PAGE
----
GEOJE CITY, South Korea – Despite the fact that over a third of South Korea’s entire fishing industry is based in Busan, most of its fishing village charm has been lost among the millions of people and the shadows of massive container ships. If you want a little better idea about the culture and heritage that is unique to a small Korean fishing village, there is a wonderful area just under three hours southwest of the city.
I recently joined Professor Nah Yoon-Joong of Tong-Myeong University’s Travel and Tourism Department for a day-long expedition in the Tong-Yeong and Geoje-do areas to check out a page from Korea’s past.
Our first stop was Gye-do, an island northwest of Geoje City. Professor Nah says this place is special not only because it is a “facility officially appointed by the government,” but also because “it’s a great place for families and groups to experience a genuine part of Korean culture.”
We were treated to a short boat tour with vast views of the mainland’s coastal mountain range around us. We could also see thousands of white buoys, marking the large square formations of shellfish farms—a testament to how rich in seafood these waters are. After pulling an octopus out of the water, our guide returned us to Gye-do’s recreational fishing spot. It is here that you can get everything needed for a fishing expedition of your own. For reasonable prices, you can rent everything from fishing tackle and traditional Korean fishing rowboats, to large stationary houseboats equipped with running water
and a full kitchen.
A houseboat with an eight-person capacity will run you 150,000 KRW a night in the off-season, and 200,000 KRW during summer. Larger parties can also be accommodated, but you should reserve far in advance, as this is a popular Korean getaway.
On our trip, we partook in steamed hong-hap (mussels), hae-mul pah-jan (savory pancake with green onions and seafood) and the very same octopus that our guide had pulled from the water only thirty minutes before. This is one of the essential beauties of an outing like this: pulling your next meal right out of the water, cleaning and eating it as fresh as it can be.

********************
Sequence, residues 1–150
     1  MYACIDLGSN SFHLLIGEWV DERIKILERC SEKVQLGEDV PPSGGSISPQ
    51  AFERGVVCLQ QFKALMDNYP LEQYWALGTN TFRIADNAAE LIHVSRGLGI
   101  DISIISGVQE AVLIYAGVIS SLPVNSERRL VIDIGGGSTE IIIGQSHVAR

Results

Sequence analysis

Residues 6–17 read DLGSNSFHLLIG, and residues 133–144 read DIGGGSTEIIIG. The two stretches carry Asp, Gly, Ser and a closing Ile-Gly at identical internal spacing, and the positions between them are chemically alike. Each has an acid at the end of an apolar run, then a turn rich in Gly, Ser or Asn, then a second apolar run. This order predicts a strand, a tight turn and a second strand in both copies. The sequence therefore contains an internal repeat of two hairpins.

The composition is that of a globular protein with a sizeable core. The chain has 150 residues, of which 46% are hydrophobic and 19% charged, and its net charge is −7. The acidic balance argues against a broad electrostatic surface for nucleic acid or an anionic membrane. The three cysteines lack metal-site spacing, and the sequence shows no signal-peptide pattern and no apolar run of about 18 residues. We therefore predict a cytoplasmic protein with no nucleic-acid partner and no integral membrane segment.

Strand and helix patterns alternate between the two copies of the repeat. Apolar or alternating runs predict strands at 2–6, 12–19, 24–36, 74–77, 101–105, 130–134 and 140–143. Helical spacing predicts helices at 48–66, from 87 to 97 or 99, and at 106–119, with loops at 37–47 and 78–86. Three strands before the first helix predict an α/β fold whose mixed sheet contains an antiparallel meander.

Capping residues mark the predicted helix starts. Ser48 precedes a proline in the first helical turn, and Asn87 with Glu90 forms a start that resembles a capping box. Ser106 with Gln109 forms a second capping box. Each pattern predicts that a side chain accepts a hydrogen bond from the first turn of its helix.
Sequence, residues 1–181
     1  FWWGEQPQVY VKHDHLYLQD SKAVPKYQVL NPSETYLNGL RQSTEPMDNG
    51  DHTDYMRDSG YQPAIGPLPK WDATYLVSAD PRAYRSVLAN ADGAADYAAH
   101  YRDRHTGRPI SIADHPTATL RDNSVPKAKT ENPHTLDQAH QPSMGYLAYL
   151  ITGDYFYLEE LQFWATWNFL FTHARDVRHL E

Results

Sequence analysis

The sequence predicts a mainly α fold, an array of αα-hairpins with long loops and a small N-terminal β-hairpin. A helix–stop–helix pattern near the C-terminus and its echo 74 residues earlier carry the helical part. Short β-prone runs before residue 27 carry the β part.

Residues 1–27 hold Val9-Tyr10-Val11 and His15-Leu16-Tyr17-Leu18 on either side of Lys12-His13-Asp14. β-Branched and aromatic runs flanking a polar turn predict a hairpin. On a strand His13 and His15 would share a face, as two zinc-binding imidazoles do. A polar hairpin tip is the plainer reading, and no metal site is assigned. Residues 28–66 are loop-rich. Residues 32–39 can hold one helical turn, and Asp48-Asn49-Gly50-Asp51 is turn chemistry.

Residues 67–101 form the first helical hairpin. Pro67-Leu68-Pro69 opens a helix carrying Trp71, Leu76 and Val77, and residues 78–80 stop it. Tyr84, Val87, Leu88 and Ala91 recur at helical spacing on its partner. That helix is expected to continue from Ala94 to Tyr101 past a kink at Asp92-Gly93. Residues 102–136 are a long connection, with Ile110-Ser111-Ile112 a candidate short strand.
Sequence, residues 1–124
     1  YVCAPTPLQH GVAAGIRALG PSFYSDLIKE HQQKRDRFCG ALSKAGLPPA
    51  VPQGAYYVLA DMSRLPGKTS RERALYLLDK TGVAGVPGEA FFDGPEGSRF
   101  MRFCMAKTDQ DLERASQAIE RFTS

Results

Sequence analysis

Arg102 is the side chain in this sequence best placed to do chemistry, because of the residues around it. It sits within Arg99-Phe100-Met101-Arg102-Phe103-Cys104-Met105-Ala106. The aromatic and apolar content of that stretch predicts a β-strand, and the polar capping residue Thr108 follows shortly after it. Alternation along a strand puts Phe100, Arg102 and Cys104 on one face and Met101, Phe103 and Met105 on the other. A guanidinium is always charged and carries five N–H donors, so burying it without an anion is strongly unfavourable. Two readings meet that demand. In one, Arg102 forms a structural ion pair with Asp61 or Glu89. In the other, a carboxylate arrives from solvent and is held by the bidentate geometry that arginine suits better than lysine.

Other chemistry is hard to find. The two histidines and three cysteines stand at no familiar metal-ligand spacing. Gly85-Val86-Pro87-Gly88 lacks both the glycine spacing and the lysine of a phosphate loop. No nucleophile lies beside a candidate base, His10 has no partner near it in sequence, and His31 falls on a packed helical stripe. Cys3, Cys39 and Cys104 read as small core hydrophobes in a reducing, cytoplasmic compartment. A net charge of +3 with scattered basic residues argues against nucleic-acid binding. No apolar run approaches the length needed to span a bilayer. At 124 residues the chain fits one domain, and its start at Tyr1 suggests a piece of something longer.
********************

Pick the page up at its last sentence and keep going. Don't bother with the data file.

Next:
Our second stop was Gunghang, a small village about six miles southwest of Tong-Yeong. This village provided similar amenities as Gye-do, without as many of the houseboats, however, camping is allowed on the small island owned by this village. Since it was low tide on this small island, we dug with the village elder for our own short-neck clams. Since I brought my own cooler, I was able to enjoy homemade dwen-jang-jjigae that night when I got home.
Professor Nah, senior project manager for the City and Fishing Village Relations Project, says that there are thousands of fishing villages in Gyeongsangnam Province, but only certain ones provide these kinds of amenities. So, do your homework before you travel.
A vast network of information and tour packages for Gyeongsangnam Province fishing villages can be found at www.seantour.org. Unfortunately, these sites are not currently in English, so you may need a Korean friend to help you.
Photos by Nick Holmberg